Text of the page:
The nest will be monitored to see that the parents are caring for their young. We have every reason to believe they will.

Check out more on reuniting great horned owls and other raptors at Anne Miller's site, HERE.

We want to say a huge Thank You! to Chris from Bellizzi Tree Service for once again offering to help!

4-24-12 UPDATE: At about noon, one of the parents was sitting in the nest with the babies.

Apr 16, 2012

Goose at Apple

Today, received a call today about an injured Canada goose in one of the parking lots at Apple Inc. in Cupertino, CA. According to the RP, it had been there for a week. No one had come to its rescue.

We alerted our responders. Sammarye, in Sunnyvale, was quick to reply. She met Rebecca on scene.

The goose appeared to have a swollen leg, but was still flighted, although weak. Rebecca first tried coaxing the bird close, but it was too wary. Next, the team tried a single snare, but that didn't work well, so they decided to try the Drive By.

They placed a few handfuls of grain to preoccupy the goose. With Samm at the wheel and Rebecca crouched inside the back of the van with both doors open, they made a couple of passes. With each pass, the goose seemed to get a little more comfortable with the vehicle.

On the third pass, Rebecca lunged, bagging the goose in a large hoop net. Samm stopped the immediately and helped process the large bird from the net and into a crate. 

The bird was transported to the Wildlife Center of Silicon Valley for treatment.

UPDATE: According to WCSV, the goose was dehydrated and notably lethargic. Her slight wing droop leads them to suspect lead poisoning. They expect lab results early next week.

Stay tuned.

Apr 14, 2012

Tale of two woodrats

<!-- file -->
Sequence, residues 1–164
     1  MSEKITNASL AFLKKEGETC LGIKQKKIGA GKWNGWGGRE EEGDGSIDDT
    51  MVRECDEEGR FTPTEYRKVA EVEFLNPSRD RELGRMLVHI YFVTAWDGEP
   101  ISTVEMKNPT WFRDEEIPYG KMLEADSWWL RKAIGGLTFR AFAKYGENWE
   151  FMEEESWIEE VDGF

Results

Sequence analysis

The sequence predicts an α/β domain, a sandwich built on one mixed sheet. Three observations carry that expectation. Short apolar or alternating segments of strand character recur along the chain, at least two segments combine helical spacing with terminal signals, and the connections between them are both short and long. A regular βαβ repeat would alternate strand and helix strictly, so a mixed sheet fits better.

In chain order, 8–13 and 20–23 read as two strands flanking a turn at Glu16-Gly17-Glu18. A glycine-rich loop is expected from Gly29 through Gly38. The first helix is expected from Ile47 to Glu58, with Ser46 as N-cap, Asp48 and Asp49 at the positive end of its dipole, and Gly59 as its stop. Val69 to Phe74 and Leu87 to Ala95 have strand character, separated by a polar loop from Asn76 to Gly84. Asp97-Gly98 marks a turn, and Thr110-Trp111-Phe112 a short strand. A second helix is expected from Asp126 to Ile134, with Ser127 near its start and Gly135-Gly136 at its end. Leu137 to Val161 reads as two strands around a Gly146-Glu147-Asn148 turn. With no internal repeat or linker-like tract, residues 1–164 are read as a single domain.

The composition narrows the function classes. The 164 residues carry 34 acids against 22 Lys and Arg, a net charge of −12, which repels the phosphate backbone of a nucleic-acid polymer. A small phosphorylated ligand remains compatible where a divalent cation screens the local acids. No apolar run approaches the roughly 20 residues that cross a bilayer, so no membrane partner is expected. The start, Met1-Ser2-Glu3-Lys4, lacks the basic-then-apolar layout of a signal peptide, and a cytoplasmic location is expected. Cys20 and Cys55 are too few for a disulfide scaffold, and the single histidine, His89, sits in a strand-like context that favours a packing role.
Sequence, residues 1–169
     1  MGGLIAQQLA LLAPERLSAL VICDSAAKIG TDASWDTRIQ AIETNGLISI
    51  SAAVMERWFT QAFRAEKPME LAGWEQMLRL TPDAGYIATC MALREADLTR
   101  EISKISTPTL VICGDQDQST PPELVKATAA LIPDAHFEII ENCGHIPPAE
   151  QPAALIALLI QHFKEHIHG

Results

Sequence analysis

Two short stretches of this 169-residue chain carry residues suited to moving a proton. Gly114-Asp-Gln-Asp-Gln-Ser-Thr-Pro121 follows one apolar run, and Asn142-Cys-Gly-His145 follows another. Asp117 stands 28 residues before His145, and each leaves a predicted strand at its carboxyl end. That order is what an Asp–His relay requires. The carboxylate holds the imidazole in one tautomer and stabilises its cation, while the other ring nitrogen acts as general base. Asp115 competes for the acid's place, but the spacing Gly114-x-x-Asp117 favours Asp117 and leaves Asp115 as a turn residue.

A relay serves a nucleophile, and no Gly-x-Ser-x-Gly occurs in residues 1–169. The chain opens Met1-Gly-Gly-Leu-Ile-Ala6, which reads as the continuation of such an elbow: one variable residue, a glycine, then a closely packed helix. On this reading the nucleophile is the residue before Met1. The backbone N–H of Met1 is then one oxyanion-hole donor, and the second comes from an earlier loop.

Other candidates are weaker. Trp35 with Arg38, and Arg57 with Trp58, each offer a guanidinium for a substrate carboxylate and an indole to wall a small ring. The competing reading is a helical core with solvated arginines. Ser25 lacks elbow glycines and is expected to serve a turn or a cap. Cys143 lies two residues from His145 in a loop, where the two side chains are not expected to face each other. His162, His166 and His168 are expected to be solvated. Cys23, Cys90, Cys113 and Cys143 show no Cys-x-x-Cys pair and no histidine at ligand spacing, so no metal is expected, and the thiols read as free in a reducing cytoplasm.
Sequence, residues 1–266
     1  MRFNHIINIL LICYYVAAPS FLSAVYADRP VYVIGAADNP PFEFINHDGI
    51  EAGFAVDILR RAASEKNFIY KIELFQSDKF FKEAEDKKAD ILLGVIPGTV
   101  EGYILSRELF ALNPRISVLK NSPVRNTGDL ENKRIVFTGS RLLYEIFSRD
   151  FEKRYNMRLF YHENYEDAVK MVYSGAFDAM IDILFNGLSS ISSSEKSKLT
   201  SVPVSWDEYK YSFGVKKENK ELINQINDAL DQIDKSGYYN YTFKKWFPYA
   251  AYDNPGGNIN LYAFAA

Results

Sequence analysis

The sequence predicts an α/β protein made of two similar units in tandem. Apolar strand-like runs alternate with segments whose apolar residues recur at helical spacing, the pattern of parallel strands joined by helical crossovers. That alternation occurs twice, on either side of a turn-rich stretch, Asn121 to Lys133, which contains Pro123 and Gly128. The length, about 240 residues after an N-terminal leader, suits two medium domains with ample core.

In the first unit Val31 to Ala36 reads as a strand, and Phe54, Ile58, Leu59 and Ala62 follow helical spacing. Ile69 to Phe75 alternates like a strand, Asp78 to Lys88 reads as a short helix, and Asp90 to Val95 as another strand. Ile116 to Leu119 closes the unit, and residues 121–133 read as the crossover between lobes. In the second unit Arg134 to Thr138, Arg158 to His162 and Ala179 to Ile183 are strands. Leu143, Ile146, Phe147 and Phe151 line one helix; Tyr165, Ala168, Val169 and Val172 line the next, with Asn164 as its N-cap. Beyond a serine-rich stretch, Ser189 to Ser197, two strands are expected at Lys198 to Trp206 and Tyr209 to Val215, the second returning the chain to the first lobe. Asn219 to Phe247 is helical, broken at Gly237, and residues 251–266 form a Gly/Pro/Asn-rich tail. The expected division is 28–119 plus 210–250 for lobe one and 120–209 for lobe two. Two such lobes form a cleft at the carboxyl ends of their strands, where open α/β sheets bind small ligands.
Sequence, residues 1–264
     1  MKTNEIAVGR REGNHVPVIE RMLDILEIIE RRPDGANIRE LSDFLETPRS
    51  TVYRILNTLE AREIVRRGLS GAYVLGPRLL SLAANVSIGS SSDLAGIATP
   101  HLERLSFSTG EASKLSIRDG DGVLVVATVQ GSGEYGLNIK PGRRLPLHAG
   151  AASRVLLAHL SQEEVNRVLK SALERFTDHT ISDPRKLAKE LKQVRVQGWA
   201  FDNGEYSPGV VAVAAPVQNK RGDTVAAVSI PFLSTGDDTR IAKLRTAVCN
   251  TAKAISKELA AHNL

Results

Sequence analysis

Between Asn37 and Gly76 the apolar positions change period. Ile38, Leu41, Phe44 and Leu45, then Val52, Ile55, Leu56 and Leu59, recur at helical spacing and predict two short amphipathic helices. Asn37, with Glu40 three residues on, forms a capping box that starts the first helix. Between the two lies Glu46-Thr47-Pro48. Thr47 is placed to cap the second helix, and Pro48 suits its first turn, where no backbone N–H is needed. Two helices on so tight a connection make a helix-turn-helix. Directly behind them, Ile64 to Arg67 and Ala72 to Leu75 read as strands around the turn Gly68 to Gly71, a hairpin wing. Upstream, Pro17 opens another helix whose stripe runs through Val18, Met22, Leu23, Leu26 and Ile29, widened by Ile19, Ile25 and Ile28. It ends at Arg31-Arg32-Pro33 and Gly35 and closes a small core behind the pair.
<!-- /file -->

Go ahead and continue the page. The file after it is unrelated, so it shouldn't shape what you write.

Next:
Dusky-footed woodrat.

Unless we're presented with a major disaster, like an oil spill, most of our wildlife rescues involve a single injured or ill animal. It's concerning, then, when we find more than one casualty at the same location, especially when the cause of their demise is not readily apparent.

This week, we recovered two dusky-footed woodrats from a property near Elkhorn, CA. One was freshly deceased, the other, dying. These two animals brought the total number of woodrat casualties from that area, in six months, to 4. What is even more alarming about that number, is that the species is in jeopardy.

Neotoma macrotis luciana, the Monterey dusky-footed woodrat, one of 11 subspecies of dusky-footed woodrats that inhabit the Pacific coast, is considered a Species of Special Concern by the California Department of Fish and Game. Loss and fragmentation of their distinct habitats - dense oak woodlands, riparian, and cooler chaparral ecosystems, has been identified as a major reason for their decline. In the Northeastern part of the United States, researchers have cited the raccoon roundworm as a significant cause for the decline in the Allegheny woodrat.